May Day Resolutions

May 01, 2014

by Misty Weaver

It’s Time for a New Content Tradition

Is your content crying mayday? You know that it could be more effective at reaching organizational goals, more useful to target audiences, more scannable, readable, and shareable. You know this, but how can you make it happen?

Content audits can help you prove the case for improvement and optimization. With an audit you can take steps to

  • find the orphans and duplicates,
  • identify the outdated and unnecessary,
  • target content that isn’t performing in alignment with your business objectives or user needs.

These are great results but the task is daunting. Many of us resolve on January 1st to clean up our content. We vow to create a fresh content inventory and start assessing the health of our content, channels, and strategy. Then, other priorities consume our time.  We put the content audit off, month after month.

Let’s forgive ourselves for procrastinating and reframe how content evaluation fits into our schedules instead.

It’s never too late to plan or start your content audit and assessment. If New Year’s Resolutions are seldom kept, then tap into the metaphors of May. It’s a month of celebration for cleaning, planting, and growing. Start by knowing what you have and then resolve to improve it, by whatever degree you can with the time you have. 

Content Inventory

In No Words Wasted, Kyra Kuik and Harriet Cummings of Distilled offer a time-friendly guide to content creation. Focusing on audiences and brand differentiation, they offer examples, checklists, and templates to help kick start a content plan with impact. In Part 2, they show how content inventory kicks off ideation and leads to creating content we can better promote and measure.

A content inventory of your website assets is a minimum recommendation. It’s easier now with tools like CAT, the Content Analysis Tool. You can generate an accurate inventory quickly, without manual labor and without busting a budget. Automated inventories can give you quick insights into how much content you have and valuable insight into its basic structure.

Content Evaluation  

To determine the quality of the content, use the inventory as your map for a more thorough evaluation. A qualitative content audit is based on whatever criteria you determine, in advance, and it should be customized to fit your organization’s goals and audiences.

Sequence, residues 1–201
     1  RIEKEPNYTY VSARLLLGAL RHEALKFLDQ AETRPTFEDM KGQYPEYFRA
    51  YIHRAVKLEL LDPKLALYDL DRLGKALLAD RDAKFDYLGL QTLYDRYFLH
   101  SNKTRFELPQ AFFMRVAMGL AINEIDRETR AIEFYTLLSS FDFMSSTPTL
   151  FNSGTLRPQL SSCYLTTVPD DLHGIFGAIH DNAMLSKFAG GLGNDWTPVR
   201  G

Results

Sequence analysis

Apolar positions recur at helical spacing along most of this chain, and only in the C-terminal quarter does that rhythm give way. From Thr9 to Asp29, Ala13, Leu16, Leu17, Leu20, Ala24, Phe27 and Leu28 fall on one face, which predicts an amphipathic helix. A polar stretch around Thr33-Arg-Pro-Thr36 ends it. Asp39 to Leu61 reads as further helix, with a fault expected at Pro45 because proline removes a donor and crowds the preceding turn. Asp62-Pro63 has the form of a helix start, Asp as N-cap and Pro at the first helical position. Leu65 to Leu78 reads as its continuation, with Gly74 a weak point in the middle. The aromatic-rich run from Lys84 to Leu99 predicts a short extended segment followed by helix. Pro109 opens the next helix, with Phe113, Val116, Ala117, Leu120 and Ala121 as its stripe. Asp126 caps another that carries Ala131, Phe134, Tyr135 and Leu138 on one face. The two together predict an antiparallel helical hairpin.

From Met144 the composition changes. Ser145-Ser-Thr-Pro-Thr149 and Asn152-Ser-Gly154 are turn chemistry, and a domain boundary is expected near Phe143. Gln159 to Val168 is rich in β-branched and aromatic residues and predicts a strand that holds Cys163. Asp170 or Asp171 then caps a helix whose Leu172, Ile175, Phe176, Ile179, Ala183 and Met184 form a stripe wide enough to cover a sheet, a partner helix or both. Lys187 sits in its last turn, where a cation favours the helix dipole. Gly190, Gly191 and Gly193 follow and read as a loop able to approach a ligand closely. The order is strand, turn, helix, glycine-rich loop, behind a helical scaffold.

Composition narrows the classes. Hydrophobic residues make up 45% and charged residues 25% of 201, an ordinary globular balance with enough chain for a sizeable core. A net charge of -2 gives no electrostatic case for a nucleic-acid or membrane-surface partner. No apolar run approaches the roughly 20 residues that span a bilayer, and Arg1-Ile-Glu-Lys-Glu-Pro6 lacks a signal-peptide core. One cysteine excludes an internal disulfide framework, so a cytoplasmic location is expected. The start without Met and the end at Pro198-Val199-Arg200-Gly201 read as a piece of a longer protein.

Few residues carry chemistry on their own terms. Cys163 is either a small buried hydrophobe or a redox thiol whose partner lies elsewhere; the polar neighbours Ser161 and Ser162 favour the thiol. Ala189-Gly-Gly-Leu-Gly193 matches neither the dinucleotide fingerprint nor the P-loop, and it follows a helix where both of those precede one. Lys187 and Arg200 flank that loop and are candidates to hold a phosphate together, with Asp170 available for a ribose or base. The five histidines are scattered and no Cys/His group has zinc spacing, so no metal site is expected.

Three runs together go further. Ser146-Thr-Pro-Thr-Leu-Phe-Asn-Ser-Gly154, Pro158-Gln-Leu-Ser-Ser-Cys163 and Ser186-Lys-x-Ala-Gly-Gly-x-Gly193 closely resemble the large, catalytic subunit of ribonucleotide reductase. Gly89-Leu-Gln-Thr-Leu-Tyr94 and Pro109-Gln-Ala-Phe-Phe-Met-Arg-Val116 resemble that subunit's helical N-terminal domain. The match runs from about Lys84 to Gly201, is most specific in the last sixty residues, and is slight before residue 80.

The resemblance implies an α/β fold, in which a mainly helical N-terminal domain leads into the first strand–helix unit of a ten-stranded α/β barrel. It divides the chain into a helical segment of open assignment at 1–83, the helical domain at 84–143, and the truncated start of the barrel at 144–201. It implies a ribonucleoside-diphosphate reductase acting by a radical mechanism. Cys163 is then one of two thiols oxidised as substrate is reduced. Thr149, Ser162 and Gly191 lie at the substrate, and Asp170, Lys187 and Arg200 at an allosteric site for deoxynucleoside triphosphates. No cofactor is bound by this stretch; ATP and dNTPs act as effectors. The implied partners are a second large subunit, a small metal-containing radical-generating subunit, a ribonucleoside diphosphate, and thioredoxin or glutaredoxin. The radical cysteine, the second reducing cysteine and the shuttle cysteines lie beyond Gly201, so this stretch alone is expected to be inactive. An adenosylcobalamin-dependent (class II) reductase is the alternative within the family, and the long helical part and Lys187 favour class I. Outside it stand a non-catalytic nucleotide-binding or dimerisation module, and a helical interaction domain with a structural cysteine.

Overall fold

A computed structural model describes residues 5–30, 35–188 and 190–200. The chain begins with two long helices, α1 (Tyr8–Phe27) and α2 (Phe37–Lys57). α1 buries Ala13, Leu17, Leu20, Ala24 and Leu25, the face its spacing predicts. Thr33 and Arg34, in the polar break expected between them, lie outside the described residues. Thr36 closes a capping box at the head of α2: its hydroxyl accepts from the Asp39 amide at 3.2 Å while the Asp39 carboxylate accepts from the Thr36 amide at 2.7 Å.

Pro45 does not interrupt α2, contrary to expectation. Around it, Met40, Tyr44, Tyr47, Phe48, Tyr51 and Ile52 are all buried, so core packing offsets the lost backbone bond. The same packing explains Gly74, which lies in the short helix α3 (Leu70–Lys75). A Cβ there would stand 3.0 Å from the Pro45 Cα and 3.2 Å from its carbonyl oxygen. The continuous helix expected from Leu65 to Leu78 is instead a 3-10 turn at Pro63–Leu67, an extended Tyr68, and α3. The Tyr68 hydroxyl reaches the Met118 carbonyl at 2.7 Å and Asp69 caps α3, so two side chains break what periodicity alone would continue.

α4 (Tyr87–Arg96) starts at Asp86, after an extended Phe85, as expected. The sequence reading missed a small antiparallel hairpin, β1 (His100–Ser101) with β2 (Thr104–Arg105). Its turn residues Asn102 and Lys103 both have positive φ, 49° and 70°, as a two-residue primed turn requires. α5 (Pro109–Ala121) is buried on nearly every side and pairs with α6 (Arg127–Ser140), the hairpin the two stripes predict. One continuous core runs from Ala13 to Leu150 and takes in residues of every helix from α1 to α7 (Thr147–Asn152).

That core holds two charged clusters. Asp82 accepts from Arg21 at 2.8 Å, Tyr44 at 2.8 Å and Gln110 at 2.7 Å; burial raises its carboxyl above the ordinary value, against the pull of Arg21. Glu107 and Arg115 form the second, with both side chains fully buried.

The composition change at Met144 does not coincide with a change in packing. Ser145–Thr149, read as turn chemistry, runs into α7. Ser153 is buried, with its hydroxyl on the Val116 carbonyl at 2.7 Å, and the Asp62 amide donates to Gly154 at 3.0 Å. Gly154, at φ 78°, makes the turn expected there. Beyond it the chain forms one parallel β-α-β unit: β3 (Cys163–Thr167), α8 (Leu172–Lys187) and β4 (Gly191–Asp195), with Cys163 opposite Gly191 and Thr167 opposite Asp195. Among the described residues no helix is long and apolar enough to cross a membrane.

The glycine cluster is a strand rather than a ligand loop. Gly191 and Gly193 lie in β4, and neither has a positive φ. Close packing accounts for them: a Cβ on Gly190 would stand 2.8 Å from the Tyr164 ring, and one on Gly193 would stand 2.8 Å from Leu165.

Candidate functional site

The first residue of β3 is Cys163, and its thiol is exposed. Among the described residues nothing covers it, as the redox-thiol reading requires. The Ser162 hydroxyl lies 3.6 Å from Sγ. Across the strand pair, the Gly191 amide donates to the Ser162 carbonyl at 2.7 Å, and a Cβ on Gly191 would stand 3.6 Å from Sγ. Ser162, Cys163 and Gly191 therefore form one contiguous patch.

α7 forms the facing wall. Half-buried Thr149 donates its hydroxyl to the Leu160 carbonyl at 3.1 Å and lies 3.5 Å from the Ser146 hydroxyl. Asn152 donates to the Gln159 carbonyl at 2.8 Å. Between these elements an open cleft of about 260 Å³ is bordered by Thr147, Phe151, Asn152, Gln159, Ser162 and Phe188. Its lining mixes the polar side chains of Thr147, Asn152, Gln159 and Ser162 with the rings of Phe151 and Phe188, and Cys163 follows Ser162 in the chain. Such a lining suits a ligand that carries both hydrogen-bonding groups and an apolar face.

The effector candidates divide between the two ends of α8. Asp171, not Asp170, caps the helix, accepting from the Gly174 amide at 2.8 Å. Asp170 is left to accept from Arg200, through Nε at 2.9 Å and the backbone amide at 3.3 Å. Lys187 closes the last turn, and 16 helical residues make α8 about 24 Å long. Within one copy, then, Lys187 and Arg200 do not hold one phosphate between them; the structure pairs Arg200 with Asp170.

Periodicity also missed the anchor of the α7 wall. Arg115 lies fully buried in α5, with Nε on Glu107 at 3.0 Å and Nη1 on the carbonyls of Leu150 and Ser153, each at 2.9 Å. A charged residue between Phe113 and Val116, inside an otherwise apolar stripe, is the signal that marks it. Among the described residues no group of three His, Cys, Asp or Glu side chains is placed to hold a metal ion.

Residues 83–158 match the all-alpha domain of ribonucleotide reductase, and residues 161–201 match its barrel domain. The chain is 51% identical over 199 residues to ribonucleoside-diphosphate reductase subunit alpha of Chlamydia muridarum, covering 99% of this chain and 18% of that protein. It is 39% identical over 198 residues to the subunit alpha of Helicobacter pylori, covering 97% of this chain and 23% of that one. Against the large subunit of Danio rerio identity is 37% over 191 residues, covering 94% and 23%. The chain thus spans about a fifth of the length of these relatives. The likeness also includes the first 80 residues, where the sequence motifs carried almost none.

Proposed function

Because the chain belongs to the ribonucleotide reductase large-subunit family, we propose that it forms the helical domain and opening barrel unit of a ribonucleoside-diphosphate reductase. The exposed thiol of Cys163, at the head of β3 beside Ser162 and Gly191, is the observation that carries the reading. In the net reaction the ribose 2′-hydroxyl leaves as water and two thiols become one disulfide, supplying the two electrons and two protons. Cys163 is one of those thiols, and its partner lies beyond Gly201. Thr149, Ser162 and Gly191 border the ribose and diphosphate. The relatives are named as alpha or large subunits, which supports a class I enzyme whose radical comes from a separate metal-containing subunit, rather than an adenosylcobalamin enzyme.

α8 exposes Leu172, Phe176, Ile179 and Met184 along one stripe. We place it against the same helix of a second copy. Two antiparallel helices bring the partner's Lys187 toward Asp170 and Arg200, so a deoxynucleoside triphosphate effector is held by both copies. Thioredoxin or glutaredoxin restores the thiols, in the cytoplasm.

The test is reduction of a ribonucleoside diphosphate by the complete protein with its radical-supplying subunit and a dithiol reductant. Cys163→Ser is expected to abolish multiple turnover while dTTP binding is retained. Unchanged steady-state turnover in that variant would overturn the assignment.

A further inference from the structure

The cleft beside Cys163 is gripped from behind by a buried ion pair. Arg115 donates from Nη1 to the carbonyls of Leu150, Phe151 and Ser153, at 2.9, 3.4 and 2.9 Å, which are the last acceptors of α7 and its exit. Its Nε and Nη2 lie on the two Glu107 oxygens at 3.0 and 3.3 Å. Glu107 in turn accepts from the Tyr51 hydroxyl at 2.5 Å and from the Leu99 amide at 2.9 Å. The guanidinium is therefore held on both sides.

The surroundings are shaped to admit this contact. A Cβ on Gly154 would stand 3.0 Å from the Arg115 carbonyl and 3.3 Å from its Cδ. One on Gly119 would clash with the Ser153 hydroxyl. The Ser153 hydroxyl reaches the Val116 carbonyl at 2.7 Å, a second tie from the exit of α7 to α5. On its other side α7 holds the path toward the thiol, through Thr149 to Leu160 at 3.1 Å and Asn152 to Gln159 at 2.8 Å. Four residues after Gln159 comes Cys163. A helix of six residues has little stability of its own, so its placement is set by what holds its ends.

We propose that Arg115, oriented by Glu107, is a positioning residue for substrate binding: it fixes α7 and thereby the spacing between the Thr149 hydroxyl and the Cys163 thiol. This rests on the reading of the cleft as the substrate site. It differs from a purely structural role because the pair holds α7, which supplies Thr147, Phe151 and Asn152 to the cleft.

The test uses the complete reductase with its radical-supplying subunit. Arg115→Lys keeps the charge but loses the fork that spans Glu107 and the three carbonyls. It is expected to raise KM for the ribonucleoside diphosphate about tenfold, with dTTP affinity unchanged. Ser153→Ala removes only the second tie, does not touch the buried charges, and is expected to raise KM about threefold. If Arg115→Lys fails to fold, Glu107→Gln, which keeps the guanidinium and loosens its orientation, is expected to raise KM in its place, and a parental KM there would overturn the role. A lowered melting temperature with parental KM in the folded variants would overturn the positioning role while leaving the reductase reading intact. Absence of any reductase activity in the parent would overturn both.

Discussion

Sarah J Richards, Content Strategist at GOV.UK, shares tips and ideas on her blog that you can put to use right away. In Structuring Content, she offers a strong list of content audit criteria for determining and improving reading flow.

Consider a content audit that evaluates for users and their tasks. For example,

  1. Do the first 5 words in the titles help users understand where they are?
  2. Do opening paragraphs summarize the page in less than 20 words? 
  3. Are you using subheads to tell a story and support relevance?

With pre-determined criteria like this that you can replicate for each page, post, or piece of content, you can speed through your audit faster than you think. Time yourself while assessing the first 5-10 pages, then estimate timing for the rest of the audit. Scale the number and type of questions to fit your most pressing content needs.

Scalable Assessment

What do you most want to know and most need to prove about your current content?

There are a lot of choices in qualitative assessment, so take your own priority inventory first. Consider how much time you have and if anyone can help with the audit process. Then, consider your biggest pain points. Generate a set of questions, criteria, and very clear key to your findings.

Tools make audits easier as well. CAT lets you add your own notes and custom columns in the dashboard, for example, so you don’t necessarily have to work in a spreadsheet. Cloud collaboration can help you split the audit activity between teammates or clients or interns. We highly recommend using two monitors and making sure you have quiet, uninterrupted time. You can plan to do the audit all at once or spread it out over days, weeks, or months.

Work with what you have, content audits really are scalable.

Content Check-ins

Maybe you did start or even complete a content inventory and audit at the beginning of the year. Now is a good time to check in on that content. You can see what’s changed, what’s been added, what’s been removed, and use the information to tweak your content or strategy for the rest of the year. There’s always an opportunity to weed out redundant, outdated, or underperforming content. Mid-year is a great point for reviewing your metrics and measures to ensure that your content is working for you, your audiences, and your organization.

From inventory to audit to check-in: Make May your month for renewing content resolutions. Who knows, the content assessment may grow on you.



Tags:
Category: Content Audit Tips

Misty Weaver

user_avatar

Misty is Content Insight's community manager.


Add Pingback

Please add a comment

You must be logged in to leave a reply. Login »